Perfetto key concepts and architecture

Producer <> Service <> Consumer model

Perfetto Stack

The tracing service is a long-lived entity (a system daemon on Linux/Android, a service in Chrome) that has the following responsibilities:

  • Maintains a registry of active producers and their data sources.
  • Owns the trace buffers.
  • Handles multiplexing of several tracing sessions.
  • Routes the trace config from the consumers to the corresponding producers.
  • Tells the Producers when and what to trace.
  • Moves data from the Producer's shared memory buffer to the central non-shared trace buffers.

A producer is an untrusted entity that offers the ability to contribute to the trace. In a multiprocess model, a producer almost always corresponds to a client process of the tracing service. It advertises its ability to contribute to the trace with one or more data sources. Each producer has exactly:

  • One shared memory buffer, shared exclusively with the tracing service.
  • One IPC channel with the tracing service.

A producer is completely decoupled (both technically and conceptually) from consumer(s). A producer knows nothing about:

  • How many consumer(s) are connected to the service.
  • How many tracing sessions are active.
  • How many other producer(s) are registered or active.
  • Trace data written by other producer(s).
In rare circumstances a process can host more than one producer and hence more than one shared memory buffer. This can be the case for a process bundling third-party libraries that in turn include the Perfetto client library.
Concrete example: at some point in the future Chrome might expose one Producer for tracing within the main project, one for V8 and one for Skia (for each child process).

A consumer is a trusted entity (a cmdline client on Linux/Android, an interface of the Browser process in Chrome) that controls (non-exclusively) the tracing service and reads back (destructively) the trace buffers. A consumer has the ability to:

  • Send a trace config to the service, determining:
  • How many trace buffers to create.
  • How big the trace buffers should be.
  • The policy for each buffer (ring-buffer or stop-when-full).
  • Which data sources to enable.
  • The configuration for each data source.
  • The target buffer for the data produced by each data source configured.
  • Enable and disable tracing.
  • Read back the trace buffers:
    • Streaming data over the IPC channel.
    • Passing a file descriptor to the service and instructing it to periodically save the trace buffers into the file.

Data source
A data source is a capability, exposed by a Producer, of providing some tracing data. A data source almost always defines its own schema (a protobuf) consisting of:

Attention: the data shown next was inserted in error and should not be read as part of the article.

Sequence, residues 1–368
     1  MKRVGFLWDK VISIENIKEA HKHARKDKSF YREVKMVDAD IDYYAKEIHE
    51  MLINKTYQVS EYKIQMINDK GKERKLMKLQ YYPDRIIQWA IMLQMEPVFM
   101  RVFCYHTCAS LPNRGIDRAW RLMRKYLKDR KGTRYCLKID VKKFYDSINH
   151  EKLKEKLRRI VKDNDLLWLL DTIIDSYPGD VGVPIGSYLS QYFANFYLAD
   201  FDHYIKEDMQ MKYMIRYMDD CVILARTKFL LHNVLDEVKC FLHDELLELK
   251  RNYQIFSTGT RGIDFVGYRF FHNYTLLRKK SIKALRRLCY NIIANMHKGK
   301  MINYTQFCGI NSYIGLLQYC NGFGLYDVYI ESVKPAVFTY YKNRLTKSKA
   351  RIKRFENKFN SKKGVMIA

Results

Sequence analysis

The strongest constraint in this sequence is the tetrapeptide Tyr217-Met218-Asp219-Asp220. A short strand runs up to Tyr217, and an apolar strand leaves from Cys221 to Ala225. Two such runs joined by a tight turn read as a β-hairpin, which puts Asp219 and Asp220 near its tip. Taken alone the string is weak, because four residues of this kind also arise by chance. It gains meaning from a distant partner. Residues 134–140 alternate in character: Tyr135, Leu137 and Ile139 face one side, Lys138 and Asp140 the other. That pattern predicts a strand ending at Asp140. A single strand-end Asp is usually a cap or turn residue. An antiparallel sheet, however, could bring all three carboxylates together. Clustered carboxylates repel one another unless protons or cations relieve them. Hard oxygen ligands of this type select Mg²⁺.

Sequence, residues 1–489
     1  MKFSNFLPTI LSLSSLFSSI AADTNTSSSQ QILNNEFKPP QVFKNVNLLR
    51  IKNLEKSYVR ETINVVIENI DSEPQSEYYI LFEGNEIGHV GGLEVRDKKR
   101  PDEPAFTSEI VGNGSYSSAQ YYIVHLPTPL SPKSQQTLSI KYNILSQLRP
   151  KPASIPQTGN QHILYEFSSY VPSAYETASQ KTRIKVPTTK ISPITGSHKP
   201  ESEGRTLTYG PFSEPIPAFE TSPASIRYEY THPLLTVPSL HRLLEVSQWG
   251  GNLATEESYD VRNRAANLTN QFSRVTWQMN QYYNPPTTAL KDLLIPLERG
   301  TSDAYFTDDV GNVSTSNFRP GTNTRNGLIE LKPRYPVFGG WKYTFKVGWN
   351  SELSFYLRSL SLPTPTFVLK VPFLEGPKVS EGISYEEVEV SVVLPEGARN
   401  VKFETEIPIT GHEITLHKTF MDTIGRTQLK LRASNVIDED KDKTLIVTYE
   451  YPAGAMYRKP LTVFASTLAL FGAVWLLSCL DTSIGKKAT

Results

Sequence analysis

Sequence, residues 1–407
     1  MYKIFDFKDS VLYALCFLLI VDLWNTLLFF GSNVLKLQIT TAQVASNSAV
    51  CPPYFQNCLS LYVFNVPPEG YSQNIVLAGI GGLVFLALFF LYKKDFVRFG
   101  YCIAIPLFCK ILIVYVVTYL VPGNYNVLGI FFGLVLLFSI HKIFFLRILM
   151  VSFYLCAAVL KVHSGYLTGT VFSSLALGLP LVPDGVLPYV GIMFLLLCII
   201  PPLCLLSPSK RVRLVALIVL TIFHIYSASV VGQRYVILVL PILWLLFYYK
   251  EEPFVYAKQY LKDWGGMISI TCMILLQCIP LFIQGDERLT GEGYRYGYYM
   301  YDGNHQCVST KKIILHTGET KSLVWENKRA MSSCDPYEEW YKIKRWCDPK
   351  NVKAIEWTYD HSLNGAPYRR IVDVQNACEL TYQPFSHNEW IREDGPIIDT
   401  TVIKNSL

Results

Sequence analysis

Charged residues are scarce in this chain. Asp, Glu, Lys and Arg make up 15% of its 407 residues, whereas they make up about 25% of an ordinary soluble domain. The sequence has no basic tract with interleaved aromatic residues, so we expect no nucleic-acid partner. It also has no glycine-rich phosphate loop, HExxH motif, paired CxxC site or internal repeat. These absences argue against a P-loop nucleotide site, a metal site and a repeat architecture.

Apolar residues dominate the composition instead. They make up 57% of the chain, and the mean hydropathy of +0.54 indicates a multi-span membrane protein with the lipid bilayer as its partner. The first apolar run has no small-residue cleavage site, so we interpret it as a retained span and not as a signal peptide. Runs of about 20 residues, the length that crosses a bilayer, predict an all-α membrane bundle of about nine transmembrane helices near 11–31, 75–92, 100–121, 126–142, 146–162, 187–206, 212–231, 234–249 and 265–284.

• At most one DataSourceConfig sub-message (example)
  • One or more TracePacket sub-messages (example)

Different producers may expose the same data source. Concrete example:

At some point in the near future we might offer, as part of Perfetto, a library for in-process heap profiling. In such case more than one producer, linking against the updated Perfetto library, will expose the heap profiler data source, for its own process.

IPC channel
In a multiprocess scenario, each producer and each consumer interact with the service using an IPC channel. IPC is used only in non-fast-path interactions, mostly handshakes such as enabling/disabling trace (consumer), (un)registering and starting/stopping data sources (producer). The IPC is typically NOT employed to transport the protobufs for the trace. Perfetto provides a POSIX-friendly IPC implementation, based on protobufs over a UNIX socket (see That IPC implementation is not mandated. Perfetto allows the embedder:

  • Wrap its own IPC subsystem (e.g., Perfetto in Chromium uses Mojo)
  • Not use an IPC mechanism at all and just short circuit the Producer <> Service <> Consumer interaction via PostTask(s).

See for more details.

Shared memory buffer
Producer(s) write tracing data, in the form of protobuf-encoded binary blobs, directly into its shared memory buffer, using a special library called ProtoZero. The shared memory buffer:

  • Has a fixed and typically small size (configurable, default: 128 KB).
  • Is an ABI and must maintain backwards compatibility.
  • Is shared by all data sources of the producer.
  • Is independent of the number and the size of the trace buffers.
  • Is independent of the number of Consumer(s).
  • Is partitioned in chunks of variable size.

Each chunk:

  • Is owned exclusively by one Producer thread (or shared through a mutex).
  • Contains a linear sequence of TracePacket(s), or fragments of that. A TracePacket can span across several chunks, the fragmentation is not exposed to the consumers (consumers always see whole packets as if they were never fragmented).
  • Can be owned and written by exactly one TraceWriter.
  • Is part of a reliable and ordered sequence, identified by the WriterID: packets in a sequence are guaranteed to be read back in order, without gaps and without repetitions (see for more).

See the comments in shared_memory_abi.h for more details about the binary format of this buffer.

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